UN Special Rapporteur on the rights to freedom of peaceful assembly and of association, Maina Kiai, on Monday praised [statement] Rwandan authorities' accomplishments in developing infrastructure and ensuring stability and security since the nation's 1994 genocide [UN backgrounder]. The independent expert recently traveled to Rwanda to meet with government officials and to contribute to efforts taken toward democratization, better human rights protections, and more effective implementation of international human rights standards. While Kiai noted important strides, he urged the government to better support and protect the autonomy of non-government organizations (NGOs). Rwanda law currently requires prior authorization for assemblies "in open air, on public roads or in a public space" in the interests of "public safety, tranquillity or health." Kiai asserted that the law creates an "inherent contradiction" in that it allows authorities broad discretion to prescreen and prohibit certain public assemblies. Kiai worries the law paves the way toward "arbitrary decisions," which curtail the right to freely assemble. The expert urged Rwandan authorities to eliminate authorization requirements and to recognize "spontaneous assembly" as within the ambit of the right to freely assemble.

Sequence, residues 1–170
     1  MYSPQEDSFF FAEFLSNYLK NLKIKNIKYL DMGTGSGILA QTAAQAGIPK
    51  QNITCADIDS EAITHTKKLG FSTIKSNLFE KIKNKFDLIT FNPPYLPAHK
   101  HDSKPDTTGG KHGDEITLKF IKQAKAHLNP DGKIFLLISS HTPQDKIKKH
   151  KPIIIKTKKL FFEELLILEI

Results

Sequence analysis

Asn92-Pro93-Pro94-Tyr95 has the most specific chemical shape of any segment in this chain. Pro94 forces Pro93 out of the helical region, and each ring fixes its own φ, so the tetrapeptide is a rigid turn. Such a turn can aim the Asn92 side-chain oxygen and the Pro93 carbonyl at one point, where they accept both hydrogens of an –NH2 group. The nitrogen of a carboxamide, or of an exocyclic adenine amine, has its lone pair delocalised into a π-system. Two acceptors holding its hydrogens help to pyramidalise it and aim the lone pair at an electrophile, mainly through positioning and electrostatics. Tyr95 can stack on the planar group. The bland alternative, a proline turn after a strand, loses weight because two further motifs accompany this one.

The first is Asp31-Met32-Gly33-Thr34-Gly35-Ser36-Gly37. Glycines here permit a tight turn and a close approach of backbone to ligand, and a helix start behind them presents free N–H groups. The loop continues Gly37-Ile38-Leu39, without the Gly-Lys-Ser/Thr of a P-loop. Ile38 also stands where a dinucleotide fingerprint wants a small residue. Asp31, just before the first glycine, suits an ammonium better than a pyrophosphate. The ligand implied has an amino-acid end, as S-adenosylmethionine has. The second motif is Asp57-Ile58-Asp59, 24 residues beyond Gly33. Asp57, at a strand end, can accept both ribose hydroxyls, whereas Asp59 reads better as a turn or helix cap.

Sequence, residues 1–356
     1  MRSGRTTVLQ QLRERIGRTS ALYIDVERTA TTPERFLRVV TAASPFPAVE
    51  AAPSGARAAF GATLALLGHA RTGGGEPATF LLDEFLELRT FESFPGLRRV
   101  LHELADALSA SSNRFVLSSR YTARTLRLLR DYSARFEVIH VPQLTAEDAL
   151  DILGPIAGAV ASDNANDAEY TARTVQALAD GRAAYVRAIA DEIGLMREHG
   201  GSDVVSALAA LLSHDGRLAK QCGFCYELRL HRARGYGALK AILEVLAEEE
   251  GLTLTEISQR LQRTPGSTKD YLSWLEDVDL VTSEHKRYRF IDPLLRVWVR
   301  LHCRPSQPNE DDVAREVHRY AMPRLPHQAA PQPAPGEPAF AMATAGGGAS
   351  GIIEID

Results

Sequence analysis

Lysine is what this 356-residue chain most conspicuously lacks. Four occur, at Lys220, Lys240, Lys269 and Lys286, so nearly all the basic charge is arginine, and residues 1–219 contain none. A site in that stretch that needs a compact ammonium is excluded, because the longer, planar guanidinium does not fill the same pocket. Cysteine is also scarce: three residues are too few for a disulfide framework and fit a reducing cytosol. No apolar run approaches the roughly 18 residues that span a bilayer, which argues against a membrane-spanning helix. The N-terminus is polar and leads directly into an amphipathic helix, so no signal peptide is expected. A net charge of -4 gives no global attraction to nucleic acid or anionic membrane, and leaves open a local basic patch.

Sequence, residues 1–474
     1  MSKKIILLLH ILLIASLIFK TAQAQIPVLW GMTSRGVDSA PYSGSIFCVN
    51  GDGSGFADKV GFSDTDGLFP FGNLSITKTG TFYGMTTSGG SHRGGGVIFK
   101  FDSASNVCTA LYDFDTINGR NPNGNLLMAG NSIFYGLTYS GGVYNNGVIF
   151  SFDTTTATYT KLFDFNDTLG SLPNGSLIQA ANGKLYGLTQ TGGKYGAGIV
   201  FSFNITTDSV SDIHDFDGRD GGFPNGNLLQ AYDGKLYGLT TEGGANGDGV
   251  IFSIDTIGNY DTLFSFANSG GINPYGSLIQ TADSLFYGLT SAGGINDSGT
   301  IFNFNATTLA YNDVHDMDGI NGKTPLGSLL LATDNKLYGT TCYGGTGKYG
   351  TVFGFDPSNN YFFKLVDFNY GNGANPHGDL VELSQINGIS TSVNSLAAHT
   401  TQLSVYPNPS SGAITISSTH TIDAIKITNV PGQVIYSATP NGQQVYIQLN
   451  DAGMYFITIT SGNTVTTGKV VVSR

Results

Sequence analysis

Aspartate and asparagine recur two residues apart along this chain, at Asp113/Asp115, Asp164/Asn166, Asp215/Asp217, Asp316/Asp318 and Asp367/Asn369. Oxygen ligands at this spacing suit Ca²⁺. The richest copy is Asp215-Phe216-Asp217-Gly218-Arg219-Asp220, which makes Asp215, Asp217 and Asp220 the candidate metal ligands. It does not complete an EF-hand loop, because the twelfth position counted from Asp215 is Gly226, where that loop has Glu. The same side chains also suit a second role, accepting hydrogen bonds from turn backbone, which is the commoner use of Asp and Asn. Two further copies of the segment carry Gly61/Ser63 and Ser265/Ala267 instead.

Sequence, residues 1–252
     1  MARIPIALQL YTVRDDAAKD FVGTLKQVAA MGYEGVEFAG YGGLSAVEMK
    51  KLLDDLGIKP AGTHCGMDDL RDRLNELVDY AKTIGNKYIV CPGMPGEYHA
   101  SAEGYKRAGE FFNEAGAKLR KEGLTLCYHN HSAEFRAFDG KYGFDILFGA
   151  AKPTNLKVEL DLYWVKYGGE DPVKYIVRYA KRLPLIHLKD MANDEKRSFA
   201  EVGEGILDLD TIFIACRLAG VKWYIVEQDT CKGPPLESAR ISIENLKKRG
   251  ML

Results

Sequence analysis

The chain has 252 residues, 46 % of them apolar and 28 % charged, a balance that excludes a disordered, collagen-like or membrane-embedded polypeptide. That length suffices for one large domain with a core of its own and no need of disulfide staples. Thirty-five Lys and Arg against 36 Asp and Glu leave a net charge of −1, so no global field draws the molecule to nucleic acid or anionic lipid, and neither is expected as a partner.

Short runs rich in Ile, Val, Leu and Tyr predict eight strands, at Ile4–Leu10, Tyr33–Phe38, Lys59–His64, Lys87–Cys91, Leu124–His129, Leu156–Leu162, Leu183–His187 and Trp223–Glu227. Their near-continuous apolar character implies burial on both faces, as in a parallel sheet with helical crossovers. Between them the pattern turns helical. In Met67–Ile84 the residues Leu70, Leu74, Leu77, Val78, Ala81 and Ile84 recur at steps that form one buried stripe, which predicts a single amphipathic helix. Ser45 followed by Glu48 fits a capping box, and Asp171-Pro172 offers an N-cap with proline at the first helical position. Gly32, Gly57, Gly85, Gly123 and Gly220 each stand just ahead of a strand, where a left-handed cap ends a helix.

In the wake of the 1994 Rwandan genocide, which resulted in 800,000 deaths, international and domestic entities have responded. In January a special UN event warned [JURIST report] that the world must learn from the consequences of failing to respond to the events in Rwanda that preceded the genocide there 20 years ago in order to prevent such things from happening in the future. In November a French appeals court in Paris approved the extradition [JURIST report] of Claude Muhayimana and Innocent Musabyimana, two suspects wanted in connection with the 1994 Rwandan genocide. In September a court in France rejected [JURIST report] Rwanda's request for the extradition of a Hutu ex-colonel wanted in connection with the country's 1994 genocide and ordered his release.